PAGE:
"It's not necessarily the language barrier that worries me," I muttered. "You know, Doug, swear to God if this turns out to just be more shit, I'm–"

"Yeah, I got the point of it back up in Siena," Doug said. "Back up in Cali, actually. All I'm gonna say? Sometimes you gotta dig to get a scoop, yeah? This goes well, we get a big score in a big publication. We get a chair to stand on, to speak from."

"Don't blow your expectations up any further than you need to, Dougie," Anita snickered. "Otherwise your head's gonna pop like a tomato."

I chuckled. "Yeah, Doug. You know, next time you drag us into this, get a better reference first. I don't care how good the payout is. Or your soapbox shit."

"Hey, like I said, we deliver to Harper's and they'll take this if we do it right," Doug said. "This is what keeping an ear out does for you, huh? Think of what the boys back in Ventura would say. We stumble on this authentic piece of Italian culture, right in the homeland of old Saint Valentine himself–one of them, anyways–snap some pretty pictures, what's left to lose?"

"You're right," Anita said. "So if this is a bust, you sold your yacht for no reason, wasted three months of your time, and three days of ours."

"The countryside is nice," I admitted, gesturing with my little Kodak. "But, God, next time? Let's not spend so much time in a van with piss in the seat leather."

"Alright, lay off," Doug said. I saw his grin flash wide in the rear-view mirror. "Next time I'll take you to coastal Mexico on the back of a burro. You can take some real fetching pictures up there, huh, Henri?" He paused for a second. "And Anita can pay for it."

The van swerved a bit as Anita playfully leaned over and gave Doug a swat on the shoulder as I chuckled at the two bickering. It was hard to like Doug, yeah, but he was indeed harder to hate. Mexico was a hot ground for stories with what had happened in Tlatelolco and all, but maybe a bit too much of a hot spot for my liking. Doug would never seriously consider that offer at the moment. Not enough communists.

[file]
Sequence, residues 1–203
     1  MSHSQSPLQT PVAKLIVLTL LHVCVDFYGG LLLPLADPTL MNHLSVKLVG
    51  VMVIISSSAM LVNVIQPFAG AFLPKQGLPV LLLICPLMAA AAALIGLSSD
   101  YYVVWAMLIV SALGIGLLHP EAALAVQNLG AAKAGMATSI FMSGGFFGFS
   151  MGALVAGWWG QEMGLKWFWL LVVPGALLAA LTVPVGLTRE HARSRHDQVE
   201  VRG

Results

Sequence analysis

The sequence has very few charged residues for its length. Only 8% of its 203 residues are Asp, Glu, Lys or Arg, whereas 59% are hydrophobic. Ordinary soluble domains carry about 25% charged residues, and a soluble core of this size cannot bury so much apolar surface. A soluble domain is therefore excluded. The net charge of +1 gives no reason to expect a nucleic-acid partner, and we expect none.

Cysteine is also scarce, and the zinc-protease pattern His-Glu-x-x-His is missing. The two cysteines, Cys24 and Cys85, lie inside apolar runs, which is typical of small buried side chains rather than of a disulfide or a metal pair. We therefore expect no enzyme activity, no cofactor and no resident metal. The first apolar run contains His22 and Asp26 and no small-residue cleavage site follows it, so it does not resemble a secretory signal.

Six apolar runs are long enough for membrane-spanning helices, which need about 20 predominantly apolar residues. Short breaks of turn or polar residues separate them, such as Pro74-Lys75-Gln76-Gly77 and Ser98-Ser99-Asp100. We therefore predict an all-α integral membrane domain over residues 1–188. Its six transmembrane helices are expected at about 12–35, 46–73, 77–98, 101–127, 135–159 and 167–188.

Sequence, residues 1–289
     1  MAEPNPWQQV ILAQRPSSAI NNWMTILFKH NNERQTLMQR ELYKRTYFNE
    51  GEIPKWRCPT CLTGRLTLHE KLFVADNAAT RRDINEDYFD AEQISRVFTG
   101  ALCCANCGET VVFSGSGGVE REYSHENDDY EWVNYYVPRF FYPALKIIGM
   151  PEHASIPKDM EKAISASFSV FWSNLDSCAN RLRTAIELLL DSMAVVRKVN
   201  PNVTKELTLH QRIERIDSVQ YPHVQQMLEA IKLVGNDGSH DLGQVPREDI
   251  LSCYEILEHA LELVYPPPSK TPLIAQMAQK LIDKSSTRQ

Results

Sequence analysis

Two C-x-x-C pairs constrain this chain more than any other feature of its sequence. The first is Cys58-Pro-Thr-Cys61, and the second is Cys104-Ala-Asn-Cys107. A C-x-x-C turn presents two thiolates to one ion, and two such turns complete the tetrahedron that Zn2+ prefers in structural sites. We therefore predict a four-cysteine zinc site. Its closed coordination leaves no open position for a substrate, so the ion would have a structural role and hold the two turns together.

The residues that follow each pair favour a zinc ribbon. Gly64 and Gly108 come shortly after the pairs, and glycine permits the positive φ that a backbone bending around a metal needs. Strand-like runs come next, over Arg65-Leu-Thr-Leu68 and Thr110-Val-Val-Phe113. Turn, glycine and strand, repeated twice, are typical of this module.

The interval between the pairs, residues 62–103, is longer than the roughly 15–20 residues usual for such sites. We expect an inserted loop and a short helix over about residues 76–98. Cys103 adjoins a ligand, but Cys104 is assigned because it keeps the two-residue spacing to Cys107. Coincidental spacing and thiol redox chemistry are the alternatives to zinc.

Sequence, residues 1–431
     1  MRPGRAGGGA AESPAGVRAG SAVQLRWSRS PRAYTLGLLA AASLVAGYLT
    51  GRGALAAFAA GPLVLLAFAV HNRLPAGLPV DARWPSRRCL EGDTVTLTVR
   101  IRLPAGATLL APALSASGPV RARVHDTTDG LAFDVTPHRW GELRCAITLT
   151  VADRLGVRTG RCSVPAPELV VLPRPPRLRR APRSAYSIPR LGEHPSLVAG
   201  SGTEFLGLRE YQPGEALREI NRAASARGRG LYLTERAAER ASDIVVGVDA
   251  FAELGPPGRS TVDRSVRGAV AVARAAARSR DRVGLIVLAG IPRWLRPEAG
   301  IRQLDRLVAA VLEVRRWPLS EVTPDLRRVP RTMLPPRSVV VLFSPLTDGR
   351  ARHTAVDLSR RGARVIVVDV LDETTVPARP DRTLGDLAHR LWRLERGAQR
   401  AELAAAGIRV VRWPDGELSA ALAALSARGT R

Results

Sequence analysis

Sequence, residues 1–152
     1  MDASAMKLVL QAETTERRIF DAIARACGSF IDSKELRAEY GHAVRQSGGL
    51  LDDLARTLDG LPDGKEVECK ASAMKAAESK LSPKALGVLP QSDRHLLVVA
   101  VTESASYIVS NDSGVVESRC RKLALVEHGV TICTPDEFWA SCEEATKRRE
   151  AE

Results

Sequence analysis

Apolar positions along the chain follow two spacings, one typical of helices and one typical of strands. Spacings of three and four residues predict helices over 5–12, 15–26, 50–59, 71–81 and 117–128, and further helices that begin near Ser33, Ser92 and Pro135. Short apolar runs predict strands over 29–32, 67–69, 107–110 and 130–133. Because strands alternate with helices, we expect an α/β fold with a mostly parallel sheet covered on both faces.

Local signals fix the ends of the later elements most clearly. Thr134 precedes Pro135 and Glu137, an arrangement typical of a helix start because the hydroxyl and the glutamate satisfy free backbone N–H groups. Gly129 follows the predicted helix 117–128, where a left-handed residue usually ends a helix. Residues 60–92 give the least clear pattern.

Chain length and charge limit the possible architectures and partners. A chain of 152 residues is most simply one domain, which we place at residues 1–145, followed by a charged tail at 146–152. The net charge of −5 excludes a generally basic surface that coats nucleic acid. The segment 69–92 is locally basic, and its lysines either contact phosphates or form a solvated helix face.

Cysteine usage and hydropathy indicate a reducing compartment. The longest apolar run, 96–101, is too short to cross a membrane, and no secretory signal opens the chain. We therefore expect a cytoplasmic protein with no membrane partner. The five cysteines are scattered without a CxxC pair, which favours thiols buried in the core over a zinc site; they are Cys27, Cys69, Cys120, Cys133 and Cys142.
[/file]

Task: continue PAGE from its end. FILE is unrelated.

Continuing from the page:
Of course, if Harper's took this, Cuba was bound to be next. Doug pursued this story because of the relative allure of Italy at the moment; everyone was going for the obvious sources in the continuing heat of the war, but a story from Italy for next Valentine's Day would surely turn a few heads, reasoned starry-eyed Doug. After that, though, he'd hop right on the bandwagon–"the only way to ensure continuous success in this scene," he'd said with a joint wedged between his lips two months before, stinking up our apartment back in Cali.

If he'd been ten years younger, he'd be neck-deep in groupies, eyes drowning in red and bullshit hippie paraphernalia hanging around him. I saw it like a framed picture in my head, and smiled, content we'd made this friendship last.

Ten minutes took us to a higher area of Bacio, where the residential areas started to border a thin stretch of wood wrapping around the southern side of Bacio. We drove up an elevating, curving street that wound around the trees on the length of a steep hill face. Below us, in what would have been the southeast part of Bacio, I could see more of the commune, and saw that it was indeed its own little community. It all looked very archaic, a large fountain with the statue of someone I couldn't make out stealing my eye immediately, lit up in a square of stone buildings with sloping red roofs, a church in the distance. The roofs, like the others, all seemed glazed red, freshly red in comparison to the weathered brick that comprised most of the buildings.